The ultimate “Nintendo never would’ve done this” move, though, is Mario Maker. If you’ve been around long enough and seen the kinds of moves Nintendo makes, you’ll know that they are not a company that likes to offer options to their players. Nintendo is a company who gets everything so perfect on the first try that you won’t even want to change anything for yourself. In theory, anyway. Outside of Smash Bros., “customization” is not a word Nintendo usually acknowledges. Mario Maker is a huge step forward for the company, finally providing the tools to make your own Mario levels. This is something people have been pleading for them to do for literally decades, and now it’s finally coming to the Wii U. I’m a little worried that Nintendo isn’t going to strike a bullseye with all the features something like this needs (I want to create big, complex, REAL Mario levels, and I want to be able to sort and rate other people’s levels based on both quality AND difficulty) but it’s a big step in all the right directions. Fingers crossed.

It wasn’t all about Nintendo, of course, but to be honest? The only other games I can remember really interesting me are Sunset Overdrive for the Xbox One and No Man’s Sky for the Playstation 4. That’s how much Nintendo and their Treehouse Stream stole the show at E3 this year. I’m sure there were lots of other great games at E3 (Cuphead, Alien Isolation), but Nintendo clearly controlled the airwaves. Good on them, though now I imagine next year’s going to be a scheduling nightmare of everybody running their own competing all-day streams.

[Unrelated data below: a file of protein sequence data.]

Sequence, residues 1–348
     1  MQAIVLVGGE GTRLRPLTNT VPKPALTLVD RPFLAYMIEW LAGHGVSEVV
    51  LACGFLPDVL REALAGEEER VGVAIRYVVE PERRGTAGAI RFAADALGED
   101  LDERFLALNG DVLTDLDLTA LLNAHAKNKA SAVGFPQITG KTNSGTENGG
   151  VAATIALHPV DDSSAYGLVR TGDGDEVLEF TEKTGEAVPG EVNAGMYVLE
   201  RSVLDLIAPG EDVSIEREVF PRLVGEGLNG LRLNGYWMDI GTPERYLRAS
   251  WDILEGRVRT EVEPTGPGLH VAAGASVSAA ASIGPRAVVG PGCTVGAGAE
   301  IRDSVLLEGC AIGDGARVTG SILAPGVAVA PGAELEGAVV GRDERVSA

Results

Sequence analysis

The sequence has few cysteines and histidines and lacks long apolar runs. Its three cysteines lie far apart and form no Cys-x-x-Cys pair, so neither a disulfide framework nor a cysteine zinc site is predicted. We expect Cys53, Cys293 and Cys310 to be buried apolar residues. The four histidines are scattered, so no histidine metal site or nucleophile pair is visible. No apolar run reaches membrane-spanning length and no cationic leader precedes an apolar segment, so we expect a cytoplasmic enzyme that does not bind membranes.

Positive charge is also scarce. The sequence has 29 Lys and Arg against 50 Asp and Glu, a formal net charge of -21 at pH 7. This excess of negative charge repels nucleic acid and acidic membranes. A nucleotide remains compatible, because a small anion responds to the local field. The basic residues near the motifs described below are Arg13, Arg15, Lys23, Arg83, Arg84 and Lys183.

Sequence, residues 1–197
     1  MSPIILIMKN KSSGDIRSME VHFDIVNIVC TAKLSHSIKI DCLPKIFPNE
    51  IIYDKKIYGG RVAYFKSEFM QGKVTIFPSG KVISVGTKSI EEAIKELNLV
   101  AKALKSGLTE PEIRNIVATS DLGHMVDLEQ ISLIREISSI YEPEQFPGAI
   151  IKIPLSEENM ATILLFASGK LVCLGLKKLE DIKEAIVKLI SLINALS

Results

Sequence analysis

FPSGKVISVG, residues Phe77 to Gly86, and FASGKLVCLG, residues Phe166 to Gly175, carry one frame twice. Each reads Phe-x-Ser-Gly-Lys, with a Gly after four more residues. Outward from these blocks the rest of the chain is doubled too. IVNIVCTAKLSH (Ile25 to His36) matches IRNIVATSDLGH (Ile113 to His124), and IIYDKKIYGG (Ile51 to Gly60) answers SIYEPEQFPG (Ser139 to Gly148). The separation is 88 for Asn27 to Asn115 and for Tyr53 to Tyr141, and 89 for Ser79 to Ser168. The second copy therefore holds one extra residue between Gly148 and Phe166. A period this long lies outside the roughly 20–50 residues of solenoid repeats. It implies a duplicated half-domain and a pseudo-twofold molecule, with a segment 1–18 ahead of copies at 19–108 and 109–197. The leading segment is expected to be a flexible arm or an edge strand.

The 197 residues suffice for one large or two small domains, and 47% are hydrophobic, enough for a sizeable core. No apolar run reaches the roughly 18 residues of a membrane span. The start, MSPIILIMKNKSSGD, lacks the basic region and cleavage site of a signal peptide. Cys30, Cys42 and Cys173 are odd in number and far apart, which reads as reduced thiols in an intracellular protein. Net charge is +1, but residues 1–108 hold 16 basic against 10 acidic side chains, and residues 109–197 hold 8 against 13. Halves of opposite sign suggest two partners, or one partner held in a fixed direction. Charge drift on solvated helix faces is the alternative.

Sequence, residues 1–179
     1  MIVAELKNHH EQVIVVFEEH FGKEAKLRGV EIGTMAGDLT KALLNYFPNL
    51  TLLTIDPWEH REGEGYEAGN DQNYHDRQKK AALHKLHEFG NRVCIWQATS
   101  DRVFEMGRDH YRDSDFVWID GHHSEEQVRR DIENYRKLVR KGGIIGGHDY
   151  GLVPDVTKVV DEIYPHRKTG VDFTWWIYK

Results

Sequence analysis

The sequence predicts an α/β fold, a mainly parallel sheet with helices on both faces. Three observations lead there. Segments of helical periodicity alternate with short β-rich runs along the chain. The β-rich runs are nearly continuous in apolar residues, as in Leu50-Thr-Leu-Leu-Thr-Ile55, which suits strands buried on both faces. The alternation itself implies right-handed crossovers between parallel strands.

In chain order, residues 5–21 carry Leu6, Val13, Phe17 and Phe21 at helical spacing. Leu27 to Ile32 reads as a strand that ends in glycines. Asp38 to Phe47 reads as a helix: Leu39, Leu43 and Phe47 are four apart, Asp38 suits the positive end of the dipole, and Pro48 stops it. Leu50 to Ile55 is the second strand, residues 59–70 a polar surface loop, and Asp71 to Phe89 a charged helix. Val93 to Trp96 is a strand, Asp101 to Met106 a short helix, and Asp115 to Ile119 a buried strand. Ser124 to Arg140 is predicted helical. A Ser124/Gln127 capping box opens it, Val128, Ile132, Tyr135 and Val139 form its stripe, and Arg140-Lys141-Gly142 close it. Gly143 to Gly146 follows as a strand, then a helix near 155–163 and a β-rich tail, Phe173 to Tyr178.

Over the past few years, I’ve grown a little frustrated with how pessimistic the gaming community tends to be, especially toward the big trade shows like E3. It seems like people are all too eager to bemoan awkward presentations and sequels while raining dismissive critique down upon even the most stunning of surprises. Don’t get me wrong, there are perfectly legitimate reasons to complain about this year’s show, but there was also a lot to get excited about, and get excited I did. Let’s be a little optimistic for a change.

As you’re surely aware by now, Nintendo nailed it. They needed to come out swinging with lots of compelling software, and that’s exactly what they did. Splatoon is intriguing, Zelda is gorgeous, and Yoshi’s Woolly World may be the most adorable game I’ve ever seen. It wouldn’t be a stretch to imagine that this influx of software will help the Wii U enjoy a renaissance period much like the 3DS did, and I really hope that happens. Sony’s conference, while dense as could be, once again showed why they’re dominating this generation. Their software lineup is thoroughly impressive, their hardware is continually innovative, and their commitment to their customers is satisfying. The Xbox One is more or less off my radar, so I didn’t pay much attention to Microsoft’s show. However, the Master Chief Collection looks fantastic. As a huge Halo fan, it’s everything I would want in a collection like that.